Prosecutors conceded Arbery was in the under-construction home that day and several other times — but was in the neighborhood to jog, and never broke into the home as there was nothing barring entry, never took anything, and never did anything that would allow the men to pursue or stop him. They also said that White people had visited the site apparently without being chased.

Defense attorneys argued the McMichaels pursued Arbery in a pickup truck through neighborhood streets to stop him for police, and that Travis McMichael shot Arbery in self-defense as they wrestled over McMichael’s shotgun. Bryan joined the pursuit in his own truck after seeing the McMichaels follow Arbery in their pickup as he ran; Bryan recorded video of the shooting.

Prosecutors argued the defendants falsely told police after the shooting that Arbery had been caught breaking into houses, part of a pattern showing the defendants knew what they had done wrong and were trying to get away with it.

Defense attorneys didn’t deny their clients used offensive language, but argued their actions toward Arbery were not due to his race.

Jogging was a common pastime of Arbery’s, according to those who knew him.

The Satilla Shores neighborhood is less than 2 miles from the home where he lived with his mother, authorities have said.

Arbery played football at Brunswick High School. In May 2020, his former coach called on people to run 2.23 miles — symbolic of the date Arbery died — in his honor. Runners around the world responded and documented their runs using the hashtag #IRunWithMaud on what would have been Arbery’s 26th birthday.

After Arbery’s death, two prosecutors initially instructed Glynn County police not to make arrests. But about two months later, a copy of Bryan’s video of the killing surfaced, sparking a nationwide outcry.

The McMichaels were arrested May 7, 2020, and Bryan was taken into custody two weeks later. The case soon dovetailed with the killings of three Black people — Breonna Taylor in Louisville, Kentucky, George Floyd in Minneapolis and Rayshard Brooks in Atlanta — redoubling angst over racial injustice and civil unrest nationwide.

Closing statements wrapped on Monday

Prosecutor Christopher J. Perras spoke at the start of the prosecution’s closing arguments Monday, going through evidence presented in trial, including Facebook posts made by Greg McMichael, texts and posts by Travis McMichael and Bryan’s use of a derogatory phrase in messages to friends.

In one example, under a Facebook video appearing to show a group of primarily Black teenagers beating a White teen, Travis McMichael commented, “I say shoot them all,” and referred to the group as “monkeys,” according to testimony from an FBI intelligence analyst.

Perras said the three pursued Arbery in a fit of vigilantism — and they did it because they saw “a Black man in their neighborhood and assumed the worst of him.”

“This wasn’t about trespassing. This wasn’t about neighborhood crimes, either. It was about race — racial assumptions, racial resentment, and racial anger,” Perras said.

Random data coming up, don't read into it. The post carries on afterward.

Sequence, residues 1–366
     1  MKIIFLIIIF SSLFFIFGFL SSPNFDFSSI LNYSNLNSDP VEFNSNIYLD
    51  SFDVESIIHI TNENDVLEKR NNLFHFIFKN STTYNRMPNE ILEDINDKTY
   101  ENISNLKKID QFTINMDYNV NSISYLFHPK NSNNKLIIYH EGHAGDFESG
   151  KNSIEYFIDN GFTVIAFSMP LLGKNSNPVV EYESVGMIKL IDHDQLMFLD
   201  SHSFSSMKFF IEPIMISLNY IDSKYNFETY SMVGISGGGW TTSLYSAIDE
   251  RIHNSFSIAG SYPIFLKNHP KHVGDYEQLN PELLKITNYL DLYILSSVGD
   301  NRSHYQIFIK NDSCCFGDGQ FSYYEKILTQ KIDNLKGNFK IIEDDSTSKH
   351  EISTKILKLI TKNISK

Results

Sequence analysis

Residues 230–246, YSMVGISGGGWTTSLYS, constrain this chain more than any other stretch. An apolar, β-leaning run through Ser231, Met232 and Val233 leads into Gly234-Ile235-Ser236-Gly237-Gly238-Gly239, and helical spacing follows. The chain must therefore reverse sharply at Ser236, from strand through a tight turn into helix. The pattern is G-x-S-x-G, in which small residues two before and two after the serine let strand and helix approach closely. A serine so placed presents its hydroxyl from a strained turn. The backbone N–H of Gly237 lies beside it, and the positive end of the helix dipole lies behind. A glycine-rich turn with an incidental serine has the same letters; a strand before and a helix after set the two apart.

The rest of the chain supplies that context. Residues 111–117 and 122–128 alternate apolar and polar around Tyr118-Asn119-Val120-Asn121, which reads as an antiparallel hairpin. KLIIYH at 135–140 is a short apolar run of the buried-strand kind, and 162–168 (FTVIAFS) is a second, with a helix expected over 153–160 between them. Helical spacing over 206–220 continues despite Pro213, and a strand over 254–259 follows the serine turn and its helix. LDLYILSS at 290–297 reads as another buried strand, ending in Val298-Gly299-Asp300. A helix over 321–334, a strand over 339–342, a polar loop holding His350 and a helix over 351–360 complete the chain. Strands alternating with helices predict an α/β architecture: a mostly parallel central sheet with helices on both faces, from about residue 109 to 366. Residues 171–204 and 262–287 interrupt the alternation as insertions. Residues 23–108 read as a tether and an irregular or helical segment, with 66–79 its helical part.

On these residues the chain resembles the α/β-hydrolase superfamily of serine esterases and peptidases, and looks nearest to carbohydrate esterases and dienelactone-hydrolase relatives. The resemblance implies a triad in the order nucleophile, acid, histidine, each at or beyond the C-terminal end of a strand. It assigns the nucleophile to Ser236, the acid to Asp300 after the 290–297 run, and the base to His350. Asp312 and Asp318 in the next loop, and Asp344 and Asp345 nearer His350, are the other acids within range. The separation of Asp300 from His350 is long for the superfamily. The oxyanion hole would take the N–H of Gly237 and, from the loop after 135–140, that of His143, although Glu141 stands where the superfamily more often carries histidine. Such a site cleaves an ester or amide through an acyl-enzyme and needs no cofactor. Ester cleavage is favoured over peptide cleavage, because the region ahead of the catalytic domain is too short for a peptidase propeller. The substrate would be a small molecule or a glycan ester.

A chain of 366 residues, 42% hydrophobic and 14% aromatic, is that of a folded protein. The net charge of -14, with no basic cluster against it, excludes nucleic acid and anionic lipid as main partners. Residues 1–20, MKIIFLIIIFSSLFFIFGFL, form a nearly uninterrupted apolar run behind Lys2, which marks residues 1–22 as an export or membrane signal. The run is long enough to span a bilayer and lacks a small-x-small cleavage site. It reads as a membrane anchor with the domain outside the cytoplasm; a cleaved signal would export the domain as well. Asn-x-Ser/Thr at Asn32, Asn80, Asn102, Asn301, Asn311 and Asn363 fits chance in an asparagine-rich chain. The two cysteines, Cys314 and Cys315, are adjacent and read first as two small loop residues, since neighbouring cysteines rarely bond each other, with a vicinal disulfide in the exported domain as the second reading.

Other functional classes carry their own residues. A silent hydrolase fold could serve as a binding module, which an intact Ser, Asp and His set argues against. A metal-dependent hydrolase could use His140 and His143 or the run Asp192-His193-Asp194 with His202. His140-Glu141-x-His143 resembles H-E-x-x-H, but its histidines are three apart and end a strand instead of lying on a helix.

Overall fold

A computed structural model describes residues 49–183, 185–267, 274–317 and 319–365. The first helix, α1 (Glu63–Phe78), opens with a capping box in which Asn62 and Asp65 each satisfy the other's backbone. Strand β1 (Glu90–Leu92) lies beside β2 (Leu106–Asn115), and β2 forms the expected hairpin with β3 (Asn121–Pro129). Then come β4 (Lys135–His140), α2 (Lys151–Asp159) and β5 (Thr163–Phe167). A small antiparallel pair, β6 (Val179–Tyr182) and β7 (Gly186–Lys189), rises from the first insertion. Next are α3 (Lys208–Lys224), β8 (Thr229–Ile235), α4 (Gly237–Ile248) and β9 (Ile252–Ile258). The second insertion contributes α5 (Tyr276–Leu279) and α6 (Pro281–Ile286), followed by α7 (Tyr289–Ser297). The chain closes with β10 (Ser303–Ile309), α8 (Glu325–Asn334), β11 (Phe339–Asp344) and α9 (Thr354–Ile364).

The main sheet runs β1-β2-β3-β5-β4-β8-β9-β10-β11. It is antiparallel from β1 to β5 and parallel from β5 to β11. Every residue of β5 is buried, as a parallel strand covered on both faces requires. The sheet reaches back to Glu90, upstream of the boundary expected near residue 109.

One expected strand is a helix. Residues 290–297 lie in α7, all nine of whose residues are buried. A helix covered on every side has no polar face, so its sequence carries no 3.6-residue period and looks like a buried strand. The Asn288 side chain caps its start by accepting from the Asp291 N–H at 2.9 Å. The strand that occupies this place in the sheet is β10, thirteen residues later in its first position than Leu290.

Perras argued Bryan’s pursuit of Arbery — after seeing Arbery running from the McMichaels’ truck — was based on race, citing testimony that Bryan didn’t know precisely what was happening or asked what the pursuit was about.

“He didn’t ask Ahmaud, ‘Are you OK?’ … (He assumed) the Black man was in the wrong and the White guys were in the right. … That’s how hard-wired his racial assumptions were,” Perras said.

In closing arguments Monday, Perras said Arbery’s reason for being at the home construction site was irrelevant to the legality of the defendants’ pursuit of him. But he stressed the property owner’s testimony that nothing was taken, and that video never showed anything taken.

“Maybe Ahmaud was interested in seeing the progress … (or) to clear his mind … to get away from it all. … We’ll never know for sure” because he was killed, Perras said.

Defense attorneys on behalf of each of the three men also spoke Monday in closing remarks, pushing back against prosecutors’ arguments that race motivated them.

J. Pete Theodocion, a defense attorney for Bryan, countered that Arbery never asked for help, and said Bryan would have joined the pursuit regardless of Arbery’s race. What Bryan saw was two people — in a truck he recognized from the neighborhood — asking Arbery to stop, and Arbery wasn’t stopping.

“It was entirely reasonable” to assume the person being chased did something wrong, Theodocion said. Bryan “absolutely” had “enough evidence” to follow in his own vehicle at a slow speed and record video, the lawyer said.

Amy Copeland, a defense attorney for Travis McMichael, said there is no evidence her client used a racial slur on the day Arbery was murdered, no evidence he was part of a hate group, no evidence of racial violence committed by McMichael and no evidence he talked about Arbery’s death in racial terms.

The defense attorney for Greg McMichael, attorney A.J. Balbo, told the jury his client had tenants who were people of color.

“Those are his private facilities,” Balbo said. “Gregory McMichael invited people of color, African Americans to make use of his private facilities.”

™ & © 2022 Cable News Network, Inc., a WarnerMedia Company. All rights reserved.

CNN’s Eliott C. McLaughlin, Ryan Young, Pamela Kirkland, Kevin Conlon, Maria Cartaya, Alta Spells, Gregory Lemos and Mike Hayes contributed to this report.